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How Brent Lindeque Of Chaos Theory Became ‘The Good News Guy’

In 2014, entrepreneur Brent Lindeque of Chaos Theory responded to a Nek Nomination by filming himself feeding a homeless person. This random act of kindness went viral, giving birth to #RAK, which in 2015 got 90 million views.

Nadine Todd




Vital Stats

  • Player: Brent Lindeque
  • Company: Chaos Theory, also founded #RAK
  • Est: 2009
  • Visit: 

The rise of #RAK

Nek Nominations were taking social media by storm, and people were filming themselves doing crazy, stupid and dangerous things while chugging a beer.

It seemed so pointless to me. There’s huge power in sharing positive ideas and creating awareness through social media, and I wanted to do that instead.

I got nominated and decided to post a video of myself feeding a homeless person instead. This is South Africa — I drove down the road and found someone. That’s the plight of so many South Africans, and worth drawing attention to.

The tipping point

The post went viral and it changed my life. Local and international news stations and talk shows wanted to hear more. I’ve always been a positive guy, but this really showed me that the world is hungry for good news.

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I’ve now got a weekly radio show on CliffCentral, I host the Good Stuff Catch Up on CNBC on Fridays and I have a daily blog, where I share good news. We got 100 000 clicks in the first month as people shared our content.

Branding positivity

The only real difference between today and a few years ago is that I’ve now given my positive attitude a brand. The Facebook timehop app is often showing me old posts, and I’m the same guy, sharing the same content.

I haven’t changed; I’ve just got a bigger platform to make a difference. There’s so much you can do and achieve with the right attitude. I believe in being thankful for everything you have and paying it forward.

My email signature has always been ‘only good things’. There’s nothing better than seeing clients and suppliers starting to echo those sentiments. These aren’t just platitudes for me, I’m sincere, which I think is important. People respond to it, and it spreads.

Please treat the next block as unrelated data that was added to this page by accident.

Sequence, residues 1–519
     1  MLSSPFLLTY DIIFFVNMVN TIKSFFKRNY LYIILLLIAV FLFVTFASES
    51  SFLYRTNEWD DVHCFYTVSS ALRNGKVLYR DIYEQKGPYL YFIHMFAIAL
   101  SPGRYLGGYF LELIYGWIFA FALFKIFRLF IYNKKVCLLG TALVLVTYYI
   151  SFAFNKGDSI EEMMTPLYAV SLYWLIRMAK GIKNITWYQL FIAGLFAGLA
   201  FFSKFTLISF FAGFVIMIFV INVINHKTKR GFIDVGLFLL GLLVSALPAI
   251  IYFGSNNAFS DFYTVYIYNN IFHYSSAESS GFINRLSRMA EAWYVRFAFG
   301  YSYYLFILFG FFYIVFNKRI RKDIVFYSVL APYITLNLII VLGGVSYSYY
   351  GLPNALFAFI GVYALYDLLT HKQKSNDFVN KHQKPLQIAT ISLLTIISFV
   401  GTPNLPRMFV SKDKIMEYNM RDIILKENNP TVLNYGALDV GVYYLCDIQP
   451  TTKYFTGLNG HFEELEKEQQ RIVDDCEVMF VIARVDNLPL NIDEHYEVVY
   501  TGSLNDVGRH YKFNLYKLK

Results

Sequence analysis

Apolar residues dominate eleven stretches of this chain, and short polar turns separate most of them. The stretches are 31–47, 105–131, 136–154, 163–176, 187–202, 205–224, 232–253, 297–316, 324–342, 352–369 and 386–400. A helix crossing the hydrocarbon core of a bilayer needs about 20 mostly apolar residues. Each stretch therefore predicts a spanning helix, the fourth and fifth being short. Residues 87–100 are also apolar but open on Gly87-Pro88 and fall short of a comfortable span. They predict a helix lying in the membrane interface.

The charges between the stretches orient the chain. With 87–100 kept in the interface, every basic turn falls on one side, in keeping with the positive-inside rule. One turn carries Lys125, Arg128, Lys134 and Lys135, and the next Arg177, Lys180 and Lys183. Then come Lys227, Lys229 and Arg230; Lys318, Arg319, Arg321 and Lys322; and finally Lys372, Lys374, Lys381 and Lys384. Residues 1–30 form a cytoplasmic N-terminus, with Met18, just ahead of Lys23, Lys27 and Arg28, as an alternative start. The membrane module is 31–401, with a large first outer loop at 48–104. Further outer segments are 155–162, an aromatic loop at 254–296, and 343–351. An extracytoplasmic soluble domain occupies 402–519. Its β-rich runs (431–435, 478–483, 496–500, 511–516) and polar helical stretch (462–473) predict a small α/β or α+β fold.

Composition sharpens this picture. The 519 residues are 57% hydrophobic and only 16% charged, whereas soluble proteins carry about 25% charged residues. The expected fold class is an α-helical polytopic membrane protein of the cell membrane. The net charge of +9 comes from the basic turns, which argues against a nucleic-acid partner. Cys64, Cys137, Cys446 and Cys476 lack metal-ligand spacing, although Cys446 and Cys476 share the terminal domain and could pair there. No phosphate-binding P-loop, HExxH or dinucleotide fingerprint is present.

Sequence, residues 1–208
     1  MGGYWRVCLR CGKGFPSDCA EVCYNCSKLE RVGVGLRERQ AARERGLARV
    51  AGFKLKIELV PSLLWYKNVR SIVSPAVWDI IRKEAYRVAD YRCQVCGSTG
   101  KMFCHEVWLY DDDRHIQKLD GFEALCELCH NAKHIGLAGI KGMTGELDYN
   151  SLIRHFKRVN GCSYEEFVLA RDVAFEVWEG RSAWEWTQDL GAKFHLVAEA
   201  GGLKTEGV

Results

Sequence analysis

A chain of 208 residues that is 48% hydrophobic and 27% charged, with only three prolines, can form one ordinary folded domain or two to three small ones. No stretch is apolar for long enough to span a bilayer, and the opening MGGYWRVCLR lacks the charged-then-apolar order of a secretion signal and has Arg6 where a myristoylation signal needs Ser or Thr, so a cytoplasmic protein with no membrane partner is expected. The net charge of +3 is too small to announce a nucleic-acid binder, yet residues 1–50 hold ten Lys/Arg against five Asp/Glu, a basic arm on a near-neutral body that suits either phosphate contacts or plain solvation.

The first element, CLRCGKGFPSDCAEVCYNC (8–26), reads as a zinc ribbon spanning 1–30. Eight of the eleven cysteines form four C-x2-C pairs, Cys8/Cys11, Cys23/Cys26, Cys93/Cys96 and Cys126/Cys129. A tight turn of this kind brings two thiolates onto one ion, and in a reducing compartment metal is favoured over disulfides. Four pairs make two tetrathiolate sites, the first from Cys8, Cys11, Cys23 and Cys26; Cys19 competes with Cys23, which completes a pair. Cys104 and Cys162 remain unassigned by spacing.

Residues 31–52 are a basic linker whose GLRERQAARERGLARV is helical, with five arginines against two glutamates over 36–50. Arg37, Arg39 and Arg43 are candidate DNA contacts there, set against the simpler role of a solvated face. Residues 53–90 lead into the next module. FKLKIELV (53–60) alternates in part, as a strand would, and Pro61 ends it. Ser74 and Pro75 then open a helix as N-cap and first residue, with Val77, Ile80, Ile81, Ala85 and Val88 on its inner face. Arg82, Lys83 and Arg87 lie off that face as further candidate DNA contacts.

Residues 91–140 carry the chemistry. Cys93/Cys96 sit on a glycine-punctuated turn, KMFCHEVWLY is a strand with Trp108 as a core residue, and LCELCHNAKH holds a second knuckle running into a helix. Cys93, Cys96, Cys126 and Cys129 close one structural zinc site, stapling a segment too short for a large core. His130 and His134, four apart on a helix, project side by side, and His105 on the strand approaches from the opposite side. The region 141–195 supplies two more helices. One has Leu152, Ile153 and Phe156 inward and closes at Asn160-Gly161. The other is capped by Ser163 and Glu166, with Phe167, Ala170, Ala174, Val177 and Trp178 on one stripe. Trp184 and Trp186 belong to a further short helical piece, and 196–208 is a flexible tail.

The truth behind success


I started my brand activation, events and marketing business, Chaos Theory, six years ago from my garage. Since then I’ve worked with incredible people, both staff and clients.

I’ve learnt that you’ll be happier in business if you work with people you want to work with. Adding value to each other is more than just a business transaction. Don’t chase money. Be happy with what you do and who you are.

This means you need to be happy with who you’re helping — and what their brands stand for. You need to share values. That’s success to me.

There’s never a reason not to be kind. We’re all human, so be understanding and look for the good. You never know when someone is having a bad day. Don’t accept poor work, that’s different, but be kind.

Don’t be average

I was brought up to never do anything average. My personal mantra is to always go the extra mile. Under-promise and over-deliver.

Between that and working with brands and clients I like, the business has grown from strength to strength. We started with one rented photobooth delivering a Brutal Fruit activation.

Six years later we did the French train company L-Stem’s launch of Gibela, a local division with the tender to redo all the trains in Africa and South Africa. That’s 100 000 jobs across the continent. It’s huge for us, and the product of building relationships, always delivering on promises, and caring about clients.

Be busy to be energised

I wear five hats: Chaos Theory (which is my bread and butter, and I have an amazing team that keeps things running while I’m doing everything else I squeeze into a week), the radio show, CNBC, my blog, which requires me to wake up at 4am every morning to keep up with the writing, and my family.

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Every one of them needs focus, dedication and time. I’m at gym every morning at 6am to keep my energy levels up. It sounds like a lot, but being busy keeps me energised.

The busier I get, the easier it is for me to juggle balls. It’s when I don’t have a big project that it feels like something is missing.

Nadine Todd is the Managing Editor of Entrepreneur Magazine, the How-To guide for growing businesses. Find her on Google+.

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